Why Illinois’ Fair Tax Plan needs to be passed

Gwen Tucker, Staff Writer

It feels like we’ve been preparing for this year’s presidential election forever. From debates starting in July of last year with numerous candidates throwing their hats in the ring to only a couple months away. We’ve been constantly encouraged to make our voices heard in the electoral process, picking a president in order to sustain our democracy. While voting for president has never been more important, there are many other important people and issues on the ballot. From US Senators to State Legislators, Illinois voters have many decisions to make, including whether or not Illinois will pass the Fair Tax amendment.
Illinois’ constitution currently requires a Flat Tax, meaning everyone pays the same percentage of their yearly income. While that may seem fair on its face, a look at the bigger picture puts its inequities into perspective. The bottom 20 percent of wage earners currently pay almost twice as much of their total income for state and local taxes as the top 20 percent, according to the Responsible Budget Coalition’s report. This regressive tax places the burden on low-income and middle-class people to pay for an undue amount of our state’s revenue, which is not only unfair but also counterproductive, which leads to a shortage of state funding. On Nov. 3, Illinois voters have the chance to get rid of the Flat Tax requirement and implement a graduated “Fair” income tax, where lower-income people pay lower rates and higher-income people pay higher rates. With this change, only 3 percent of Illinois residents (those making $250,000 per year or more) will pay more in taxes, while everyone else will either see a decrease or no change at all. By shifting more of the tax burden to high earners, our state will generate over $3 billion in new annual revenue, which can be invested into our necessary but underfunded social services, such as mental health support, affordable housing and education.
“Right now, Illinois ranks 50th in the nation for equitable funding of public education,” says Jewish Council on Urban Affairs Field Organizer Emma Kagan. “Gov. Pritzker has made it a priority to use increased revenues from Fair Tax to provide more state money to public school districts who do not have enough resources.”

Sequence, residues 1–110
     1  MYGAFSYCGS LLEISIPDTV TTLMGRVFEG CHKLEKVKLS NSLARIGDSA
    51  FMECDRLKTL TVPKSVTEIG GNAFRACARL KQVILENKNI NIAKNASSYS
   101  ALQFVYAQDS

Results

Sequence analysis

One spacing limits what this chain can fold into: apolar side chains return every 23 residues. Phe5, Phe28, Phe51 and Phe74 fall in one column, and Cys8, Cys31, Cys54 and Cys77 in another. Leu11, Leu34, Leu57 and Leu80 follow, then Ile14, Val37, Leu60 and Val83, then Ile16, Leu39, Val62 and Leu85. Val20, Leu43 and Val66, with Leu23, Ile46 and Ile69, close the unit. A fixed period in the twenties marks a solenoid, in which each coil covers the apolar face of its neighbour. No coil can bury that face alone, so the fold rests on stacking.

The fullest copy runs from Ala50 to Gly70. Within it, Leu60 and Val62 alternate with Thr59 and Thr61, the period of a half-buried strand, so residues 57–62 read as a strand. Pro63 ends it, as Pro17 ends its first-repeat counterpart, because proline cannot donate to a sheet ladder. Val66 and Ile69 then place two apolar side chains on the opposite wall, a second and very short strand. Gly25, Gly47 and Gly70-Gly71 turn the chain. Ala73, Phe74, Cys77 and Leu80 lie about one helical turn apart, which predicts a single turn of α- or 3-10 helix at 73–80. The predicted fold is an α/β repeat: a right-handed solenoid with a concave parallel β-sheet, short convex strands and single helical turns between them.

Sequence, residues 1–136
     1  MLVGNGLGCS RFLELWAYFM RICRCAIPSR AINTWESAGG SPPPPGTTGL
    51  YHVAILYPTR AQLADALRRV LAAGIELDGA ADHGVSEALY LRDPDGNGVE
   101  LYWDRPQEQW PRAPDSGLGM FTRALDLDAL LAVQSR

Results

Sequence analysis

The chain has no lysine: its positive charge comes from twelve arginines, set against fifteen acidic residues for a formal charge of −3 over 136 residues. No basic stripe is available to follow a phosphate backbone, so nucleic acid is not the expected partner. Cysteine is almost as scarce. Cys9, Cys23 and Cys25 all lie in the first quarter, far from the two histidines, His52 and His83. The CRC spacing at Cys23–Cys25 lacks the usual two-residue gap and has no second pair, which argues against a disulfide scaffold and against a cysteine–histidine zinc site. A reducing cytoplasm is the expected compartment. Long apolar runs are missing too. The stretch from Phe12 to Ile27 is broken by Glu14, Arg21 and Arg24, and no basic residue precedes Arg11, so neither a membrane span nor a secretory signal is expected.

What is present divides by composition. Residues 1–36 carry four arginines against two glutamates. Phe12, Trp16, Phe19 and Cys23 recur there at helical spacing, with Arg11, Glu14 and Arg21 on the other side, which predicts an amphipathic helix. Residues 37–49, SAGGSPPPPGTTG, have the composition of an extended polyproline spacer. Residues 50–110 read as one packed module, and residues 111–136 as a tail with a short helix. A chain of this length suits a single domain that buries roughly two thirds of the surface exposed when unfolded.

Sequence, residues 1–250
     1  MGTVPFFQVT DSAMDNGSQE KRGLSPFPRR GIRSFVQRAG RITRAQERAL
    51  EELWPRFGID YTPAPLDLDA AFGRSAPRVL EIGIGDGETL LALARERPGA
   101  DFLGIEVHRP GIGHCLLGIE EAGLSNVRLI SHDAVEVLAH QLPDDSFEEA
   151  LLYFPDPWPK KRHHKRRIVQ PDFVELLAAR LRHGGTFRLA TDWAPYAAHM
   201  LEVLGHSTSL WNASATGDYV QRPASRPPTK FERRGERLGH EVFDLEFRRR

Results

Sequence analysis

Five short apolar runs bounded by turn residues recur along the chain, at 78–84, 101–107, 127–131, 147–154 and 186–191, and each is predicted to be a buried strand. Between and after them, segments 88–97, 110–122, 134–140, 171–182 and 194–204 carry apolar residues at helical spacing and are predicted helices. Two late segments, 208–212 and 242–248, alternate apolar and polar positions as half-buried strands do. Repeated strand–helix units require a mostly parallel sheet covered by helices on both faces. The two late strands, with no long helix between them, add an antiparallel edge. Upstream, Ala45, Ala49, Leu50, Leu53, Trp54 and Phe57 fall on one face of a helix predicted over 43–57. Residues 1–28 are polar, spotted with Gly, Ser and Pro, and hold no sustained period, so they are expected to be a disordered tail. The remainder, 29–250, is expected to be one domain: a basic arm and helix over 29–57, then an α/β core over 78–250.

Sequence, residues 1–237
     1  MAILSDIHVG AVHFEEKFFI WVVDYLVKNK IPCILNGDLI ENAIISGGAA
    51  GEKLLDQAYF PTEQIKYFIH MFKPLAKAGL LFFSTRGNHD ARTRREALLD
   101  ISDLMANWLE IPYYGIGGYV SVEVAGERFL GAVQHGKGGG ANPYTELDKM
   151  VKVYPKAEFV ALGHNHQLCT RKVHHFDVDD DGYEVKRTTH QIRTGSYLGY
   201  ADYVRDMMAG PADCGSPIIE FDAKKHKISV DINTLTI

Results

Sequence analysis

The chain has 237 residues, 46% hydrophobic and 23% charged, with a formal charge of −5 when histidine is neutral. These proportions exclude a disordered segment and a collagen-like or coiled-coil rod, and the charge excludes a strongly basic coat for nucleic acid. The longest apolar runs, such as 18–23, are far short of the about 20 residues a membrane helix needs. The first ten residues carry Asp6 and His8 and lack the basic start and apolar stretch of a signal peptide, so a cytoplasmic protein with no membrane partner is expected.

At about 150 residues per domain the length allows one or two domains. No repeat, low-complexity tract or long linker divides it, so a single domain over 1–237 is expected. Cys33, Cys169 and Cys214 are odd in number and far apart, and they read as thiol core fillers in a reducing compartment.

While grassroots organizations are working hard to pass a Fair Tax, there are many well-funded groups in Illinois pushing against it. Often, they argue that the Fair Tax is an invitation for the state legislature to freely raise taxes on everyone and that higher income earners will simply move out of state, leaving the government to tax middle-class people excessively. However, according to the Center for Tax and Budget Accountability, “states with graduated income taxes are more than twice as likely to cut taxes on the middle class as to raise them.” In reality, if we don’t pass a Fair Tax, our insufficiently funded state will still need more money, likely leading to a tax hike for everyone. Additionally, the argument that residents will move away simply doesn’t hold up. While some Illinois residents may migrate to Florida or Arizona, those results are mostly situational— those states have a warmer climate and are home to many retirees. Other states with graduated income taxes, including New York and California, are still home to many wealthy individuals. As much as people try to argue that a Fair Tax is unjust and unproductive, the data simply proves them wrong.
Passing this amendment is more important now more than ever. Through struggling with COVID-19, Illinois has spent ever-increasing amounts on personal protective equipment, unemployment and other pandemic essentials not accounted for in the yearly budget. While many people have been taken a massive economic hit during the pandemic, according to data from the Census Bureau, two-thirds of Americans making over $200,000 a year have not lost their job or income. By taxing those whose finances haven’t been notably damaged by the pandemic, our state will actually have the funding to continue supporting our most at-risk residents and provide the pandemic essentials we need to survive.
Furthermore, the Fair Tax is a racial justice issue.
“I see economic justice and racial justice as intimately connected,” explains Kagan. “Regressive taxes are barriers to building wealth in Black communities, and also there has been a divestment and a lack of public dollars being spent in these communities.” In a country where income inequality and racism are deeply intertwined, the Fair Tax creates the opportunity to invest in Black and brown communities.
After months of a global pandemic and reckoning with race in America, the future looks bleak. Racism and poverty run rampant, with what seems like very little hope in electoralism saving us. While passing a Fair Tax certainly won’t address every issue, it is a necessary step towards wealth redistribution and economic justice.
Every vote counts. If you are 18 and registered to vote, I urge you to go to the polls this Nov. 3 and vote for a better, more equitable future for Illinois by voting “Yes” for Fair Tax!